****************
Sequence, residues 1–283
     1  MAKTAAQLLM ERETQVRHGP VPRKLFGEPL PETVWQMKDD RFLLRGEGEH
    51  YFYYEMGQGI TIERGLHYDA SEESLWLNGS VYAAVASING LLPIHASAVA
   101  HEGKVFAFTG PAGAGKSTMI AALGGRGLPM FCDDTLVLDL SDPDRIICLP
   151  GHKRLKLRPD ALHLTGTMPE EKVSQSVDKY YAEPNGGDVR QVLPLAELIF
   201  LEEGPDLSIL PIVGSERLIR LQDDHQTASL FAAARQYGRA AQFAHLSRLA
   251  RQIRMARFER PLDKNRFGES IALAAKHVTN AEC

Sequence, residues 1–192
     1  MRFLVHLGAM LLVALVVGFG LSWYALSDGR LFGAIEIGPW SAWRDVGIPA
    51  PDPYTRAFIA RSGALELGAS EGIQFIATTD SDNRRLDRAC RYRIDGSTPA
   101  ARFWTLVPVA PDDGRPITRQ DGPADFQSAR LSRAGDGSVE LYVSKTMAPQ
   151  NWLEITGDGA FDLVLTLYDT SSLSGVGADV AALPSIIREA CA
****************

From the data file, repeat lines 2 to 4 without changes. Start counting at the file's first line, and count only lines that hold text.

     1  MAKTAAQLLM ERETQVRHGP VPRKLFGEPL PETVWQMKDD RFLLRGEGEH
    51  YFYYEMGQGI TIERGLHYDA SEESLWLNGS VYAAVASING LLPIHASAVA
   101  HEGKVFAFTG PAGAGKSTMI AALGGRGLPM FCDDTLVLDL SDPDRIICLP